Suburbanville was a large city of about 4 million inhabitants, and a major transportation hub in its’ own right. The city boasted of having the best airport, the finest train system, best bus coverage, and rightfully so. But things are seldom what they seem.
Mr. Wilkins had been the president of the local delegation of the Public Transportation Workers Union for 23 years. He had seen many changes throughout the years: colleagues coming and going, old buses being replaced by newer, less polluting models, even the new electric trains which were the pride of the city. He had even arranged for a lease system for bycicles when traffic downtown became too much to bear, and many citizens had taken up on it, especially the younger generation.
One thing had not changed though, and that was how rude the average passenger was. They rarely said good morning, and thank yous seemed to be outlawed. They were belligerant, foul-mouthed and you’d say they rarely showered judging by the stink they left behind at rush hour. The thing that really got Mr. Wilkins blood boiling, though, was passengers eating on his cherished public transportation: crumbs, stains and all sorts of trash like plastic bags and cans were left behind every day as a token of the disrespect the average passenger showed towards the pride of the city; someone is bound to clean it up, right? Chewing gum was the worst though; you could find it under every single seat on the buses and trains, and even the airplanes were not immune. It was an epidemic that had to be dealt with sooner rather than later.
Mr. Wilkins had approached the Mayor several times over the past few months, expressing his dismay with the current state of affairs and demanding action. Mayor Brunsen would listen to him and nod in silent approval, but could only offer his sympathy and little else: what could he do after all? Mr. Wilkins was right, but Suburbanville had never been known to be the cleanest of cities, and residents’ mindfulness of others would consist mostly of trying not to bump into each others on the busy sidewalks or the traffic jams that marred the city. Everyone was always late for something, and you had better get out of the way, or else.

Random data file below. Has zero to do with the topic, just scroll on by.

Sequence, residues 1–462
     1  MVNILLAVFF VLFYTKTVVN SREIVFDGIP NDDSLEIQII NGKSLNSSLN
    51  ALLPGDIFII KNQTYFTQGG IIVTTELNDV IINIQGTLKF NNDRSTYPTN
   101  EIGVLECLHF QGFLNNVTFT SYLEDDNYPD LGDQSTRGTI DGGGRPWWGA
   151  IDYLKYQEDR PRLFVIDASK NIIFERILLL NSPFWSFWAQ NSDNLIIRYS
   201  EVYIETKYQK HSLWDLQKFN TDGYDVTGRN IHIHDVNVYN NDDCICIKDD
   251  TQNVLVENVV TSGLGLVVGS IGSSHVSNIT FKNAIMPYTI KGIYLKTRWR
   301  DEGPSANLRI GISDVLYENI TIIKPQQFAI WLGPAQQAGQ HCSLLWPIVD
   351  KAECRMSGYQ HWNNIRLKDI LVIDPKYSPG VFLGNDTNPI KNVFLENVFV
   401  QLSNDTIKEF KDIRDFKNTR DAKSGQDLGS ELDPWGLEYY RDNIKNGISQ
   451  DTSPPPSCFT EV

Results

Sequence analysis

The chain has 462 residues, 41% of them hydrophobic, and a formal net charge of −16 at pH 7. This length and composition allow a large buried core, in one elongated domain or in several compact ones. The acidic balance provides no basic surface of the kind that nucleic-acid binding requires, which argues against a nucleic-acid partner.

Mr. Wilkins had tried to reason with the Mayor one final time, to no avail. As he stepped out of City Hall, he watched as a crowd of people elbowed each other to try to get onto an already crowded bus; no one respected the queue, and when the poor bus driver tried to restore some order, he was dragged out of the bus and pushed around by some angry passengers who resented him for not letting them in first. As usual the bystanders did absolutely nothing, except for a few who recorded it with the cellphones, but luckily a police officer was nearby and put an end to the situation.
As the disheveled and frightened driver made his way back into his seat, Mr. Wilkins closed his eyes and roared inside. “No more.” - he thought to himself - “This ends today.”
Harry and Barry had been working together ever since they took their first job as part-timers at Blockbuster. The twins came from a broken family and mostly had to make their own way in the World, with mixed results. They had shared the same womb, but little else: Barry was short and slim and smart, while Harry was tall and broad and dumb as a rock. They each played to their own strenghts but Barry was the mastermind, the one who made sure they could pay the bills at the end of the month.
After stints at Pizza Hut, McDonald’s and Walmart, they had found a home with the Suburbanville Public Transportation Deprtament, and they were proud of it too. Harry drove a bus, and Barry was an inspector. They were always assigned the same route, and would spend every waking moment together. Some regular passengers had taken to calling them the bachelor twins and egged them on whenever a pretty young lady would enter the bus. They were both quite homely however, and had not had any luck with the ladies; now well into their 30’s, they had grown accostumed to each other so much they could not live apart even if they wanted to.
That was, until that dreaded day when they were summoned to their manager’s office. He had told them there was a desperate need for ticket inspectors on the trains, and Barry had been placed there instead. They did not sleep that night, either of them. It wasn’t until the dawn made its’ appearance that Barry hugged Harry and tried to comfort him. “Don’t worry, little brother. It’s alright. This is all a terrible mistake, that’s all it is, everyone knows we belong together. We’ll make them understand. One way, or another.”